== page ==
A Brief Review of
How to Write Fast Under Pressure.
Paperback: AMA.COM, 2009.
Buy now: [ Amazon ]
Reviewed by Chris Smith.
I do a fair amount of writing for The Englewood Review and other publications, and juggling the responsibilities of family, other work and writing often leaves me pinned up against ultra-tight deadlines. Thus, I was eager to explore the wisdom offered in Philip Vassallo’s new book, How to Write Fast Under Pressure. I should have not been surprised since the book was published by The American Management Association, but Vassallo focuses primarily on writing in a business environment: minutes, emails, requests, etc. Although this is not primarily the sort of writing that vexes me most, there are some excellent ideas here about time management and creating an environment for writing that will be helpful to most writers. The trajectory of the book is summarized in Vassallo’s acronym DASH:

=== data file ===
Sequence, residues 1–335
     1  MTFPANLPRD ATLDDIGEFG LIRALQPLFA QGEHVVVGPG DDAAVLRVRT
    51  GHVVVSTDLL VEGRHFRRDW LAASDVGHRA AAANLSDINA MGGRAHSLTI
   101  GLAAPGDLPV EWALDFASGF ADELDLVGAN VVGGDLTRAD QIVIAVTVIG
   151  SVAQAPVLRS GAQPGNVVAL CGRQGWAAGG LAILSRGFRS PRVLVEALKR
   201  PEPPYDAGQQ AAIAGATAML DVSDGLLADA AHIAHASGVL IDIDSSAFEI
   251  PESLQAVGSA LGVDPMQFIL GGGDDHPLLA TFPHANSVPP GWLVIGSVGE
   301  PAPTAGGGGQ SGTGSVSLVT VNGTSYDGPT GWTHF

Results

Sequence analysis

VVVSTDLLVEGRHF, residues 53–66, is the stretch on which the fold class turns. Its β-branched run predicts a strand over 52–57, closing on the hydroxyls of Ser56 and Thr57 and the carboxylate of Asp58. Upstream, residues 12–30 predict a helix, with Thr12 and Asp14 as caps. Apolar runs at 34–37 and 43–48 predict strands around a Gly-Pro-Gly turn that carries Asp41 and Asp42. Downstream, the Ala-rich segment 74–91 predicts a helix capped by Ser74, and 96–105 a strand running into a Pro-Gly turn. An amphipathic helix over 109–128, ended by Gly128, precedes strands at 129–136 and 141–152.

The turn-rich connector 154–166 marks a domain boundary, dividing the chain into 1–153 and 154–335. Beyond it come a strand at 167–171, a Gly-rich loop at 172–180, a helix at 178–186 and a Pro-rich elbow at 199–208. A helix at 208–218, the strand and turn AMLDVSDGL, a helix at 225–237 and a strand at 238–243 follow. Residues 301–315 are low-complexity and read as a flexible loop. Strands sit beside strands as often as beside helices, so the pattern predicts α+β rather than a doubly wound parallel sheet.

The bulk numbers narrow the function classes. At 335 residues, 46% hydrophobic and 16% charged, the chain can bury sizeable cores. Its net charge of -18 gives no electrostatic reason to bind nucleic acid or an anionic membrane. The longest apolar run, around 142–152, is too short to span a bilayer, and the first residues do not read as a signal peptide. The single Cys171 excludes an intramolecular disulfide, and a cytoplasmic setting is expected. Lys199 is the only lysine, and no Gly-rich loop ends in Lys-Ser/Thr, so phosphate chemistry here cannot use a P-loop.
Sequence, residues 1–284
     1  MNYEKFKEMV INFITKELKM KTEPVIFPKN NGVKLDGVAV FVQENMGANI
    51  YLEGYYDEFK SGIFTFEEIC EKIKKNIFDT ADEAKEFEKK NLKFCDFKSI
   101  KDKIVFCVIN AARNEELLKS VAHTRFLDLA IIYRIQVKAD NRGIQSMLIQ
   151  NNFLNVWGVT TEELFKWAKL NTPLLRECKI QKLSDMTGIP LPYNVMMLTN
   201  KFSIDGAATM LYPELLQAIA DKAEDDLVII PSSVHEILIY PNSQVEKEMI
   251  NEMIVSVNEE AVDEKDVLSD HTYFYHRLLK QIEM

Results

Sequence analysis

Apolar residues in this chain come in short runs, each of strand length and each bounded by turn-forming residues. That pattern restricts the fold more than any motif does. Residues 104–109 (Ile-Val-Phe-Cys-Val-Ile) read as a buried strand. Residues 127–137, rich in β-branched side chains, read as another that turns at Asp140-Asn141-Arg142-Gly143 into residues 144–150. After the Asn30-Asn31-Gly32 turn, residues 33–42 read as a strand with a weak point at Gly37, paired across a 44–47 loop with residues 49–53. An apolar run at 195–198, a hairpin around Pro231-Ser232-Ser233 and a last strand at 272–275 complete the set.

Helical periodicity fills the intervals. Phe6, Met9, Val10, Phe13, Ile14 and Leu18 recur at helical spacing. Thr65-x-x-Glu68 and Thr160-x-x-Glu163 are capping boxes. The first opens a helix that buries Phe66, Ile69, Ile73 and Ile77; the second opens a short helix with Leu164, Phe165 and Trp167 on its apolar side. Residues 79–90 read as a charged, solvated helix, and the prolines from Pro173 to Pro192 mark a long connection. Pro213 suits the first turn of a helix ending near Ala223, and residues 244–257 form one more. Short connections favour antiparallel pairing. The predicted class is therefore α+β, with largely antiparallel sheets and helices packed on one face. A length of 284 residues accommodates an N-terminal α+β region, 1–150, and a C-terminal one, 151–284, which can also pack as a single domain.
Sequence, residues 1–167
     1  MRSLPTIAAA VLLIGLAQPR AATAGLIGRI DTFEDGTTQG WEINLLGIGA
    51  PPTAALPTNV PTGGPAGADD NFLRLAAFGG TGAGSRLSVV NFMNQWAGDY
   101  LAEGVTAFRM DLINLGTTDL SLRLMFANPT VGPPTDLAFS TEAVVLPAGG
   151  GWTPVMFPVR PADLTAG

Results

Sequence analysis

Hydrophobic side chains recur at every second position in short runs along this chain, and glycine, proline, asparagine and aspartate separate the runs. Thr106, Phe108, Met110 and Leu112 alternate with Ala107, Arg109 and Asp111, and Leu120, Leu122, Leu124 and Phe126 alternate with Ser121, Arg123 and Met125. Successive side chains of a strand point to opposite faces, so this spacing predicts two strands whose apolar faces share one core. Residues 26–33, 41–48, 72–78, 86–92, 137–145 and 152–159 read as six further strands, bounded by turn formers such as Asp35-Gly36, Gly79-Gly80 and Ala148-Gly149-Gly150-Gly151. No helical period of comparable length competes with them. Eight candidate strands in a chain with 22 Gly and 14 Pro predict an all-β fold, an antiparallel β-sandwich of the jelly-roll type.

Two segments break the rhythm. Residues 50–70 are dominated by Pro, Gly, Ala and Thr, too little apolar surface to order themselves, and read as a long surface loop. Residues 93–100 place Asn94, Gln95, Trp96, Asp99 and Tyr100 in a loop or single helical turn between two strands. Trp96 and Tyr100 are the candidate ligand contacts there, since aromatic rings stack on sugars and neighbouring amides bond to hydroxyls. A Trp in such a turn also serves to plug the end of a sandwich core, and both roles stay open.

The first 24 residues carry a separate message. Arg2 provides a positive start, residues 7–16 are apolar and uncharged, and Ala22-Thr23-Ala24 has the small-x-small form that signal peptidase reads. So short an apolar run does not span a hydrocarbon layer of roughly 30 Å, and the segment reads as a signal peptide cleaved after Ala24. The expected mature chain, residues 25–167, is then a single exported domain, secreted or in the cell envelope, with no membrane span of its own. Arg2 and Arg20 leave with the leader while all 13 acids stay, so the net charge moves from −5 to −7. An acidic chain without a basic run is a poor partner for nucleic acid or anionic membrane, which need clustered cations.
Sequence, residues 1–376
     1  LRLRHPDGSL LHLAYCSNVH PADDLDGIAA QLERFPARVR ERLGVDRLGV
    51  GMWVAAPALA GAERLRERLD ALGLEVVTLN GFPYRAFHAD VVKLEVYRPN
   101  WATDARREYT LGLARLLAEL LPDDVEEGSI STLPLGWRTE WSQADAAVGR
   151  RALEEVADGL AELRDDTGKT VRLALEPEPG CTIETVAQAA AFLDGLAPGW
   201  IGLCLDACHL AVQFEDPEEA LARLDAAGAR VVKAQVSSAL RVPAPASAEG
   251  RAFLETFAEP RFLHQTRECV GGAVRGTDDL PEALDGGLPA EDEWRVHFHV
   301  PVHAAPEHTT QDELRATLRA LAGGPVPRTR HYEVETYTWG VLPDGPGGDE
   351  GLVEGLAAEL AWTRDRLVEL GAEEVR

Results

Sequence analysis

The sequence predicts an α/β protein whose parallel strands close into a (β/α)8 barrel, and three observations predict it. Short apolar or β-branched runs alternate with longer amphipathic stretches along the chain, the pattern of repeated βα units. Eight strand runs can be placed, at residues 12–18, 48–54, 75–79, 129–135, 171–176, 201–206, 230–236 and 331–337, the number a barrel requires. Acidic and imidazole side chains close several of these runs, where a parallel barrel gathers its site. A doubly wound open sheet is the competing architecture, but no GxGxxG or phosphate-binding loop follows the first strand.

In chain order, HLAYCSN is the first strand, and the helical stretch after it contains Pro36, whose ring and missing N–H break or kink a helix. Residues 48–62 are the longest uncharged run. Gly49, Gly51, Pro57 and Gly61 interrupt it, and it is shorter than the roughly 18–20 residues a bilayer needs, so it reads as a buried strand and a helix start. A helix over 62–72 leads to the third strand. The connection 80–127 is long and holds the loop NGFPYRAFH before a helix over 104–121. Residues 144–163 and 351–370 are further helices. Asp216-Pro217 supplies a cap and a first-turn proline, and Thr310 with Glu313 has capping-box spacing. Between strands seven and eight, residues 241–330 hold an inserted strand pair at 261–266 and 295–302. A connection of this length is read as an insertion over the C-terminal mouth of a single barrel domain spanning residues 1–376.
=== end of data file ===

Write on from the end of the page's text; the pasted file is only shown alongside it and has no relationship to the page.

DIRECTION: Hitting the ground running with the end in mind
ACCELERATION: Moving quickly through any writing assignment
STRENGTH: Possessing the stamina to get the writing job done.
HEALTH: Maintaining productivity through your writing life (22).
Two of the most helpful facets of How to Write Fast Under Pressure were the “Three Big Questions” which Vassallo offers to clarify the direction of a writing project, and the “common energy stoppers” that would interrupt the flow of a writer’s work. The three big questions that Vassallo names in order to give shape to the direction of a writing project are:
1) “Where Am I Going?” (i.e., what is the task at hand?).
2) “When Must I Get There?” (i.e., what is the deadline?).
3) “How Am I Going to Get There?”
The other facet of this book that was particularly beneficial were Vassallo’s “energy stoppers” that threaten to deter our work as writers; these include:
- Having no plan when we need one.
- Trying to complete all of the writing process simultaneously.
- Making of the message more than it really is
- Worrying unnecessarily.
Because of its dual focus on business and speed, Vassallo tends to favor quantity over quality, which is not helpful for most of the sort of writing that I do, but otherwise there is some helpful reflection on the writing process here, which is worth the consideration of not just professional writers, but anyone whose work includes writing – which I suspect, as does Vassallo, is most of us.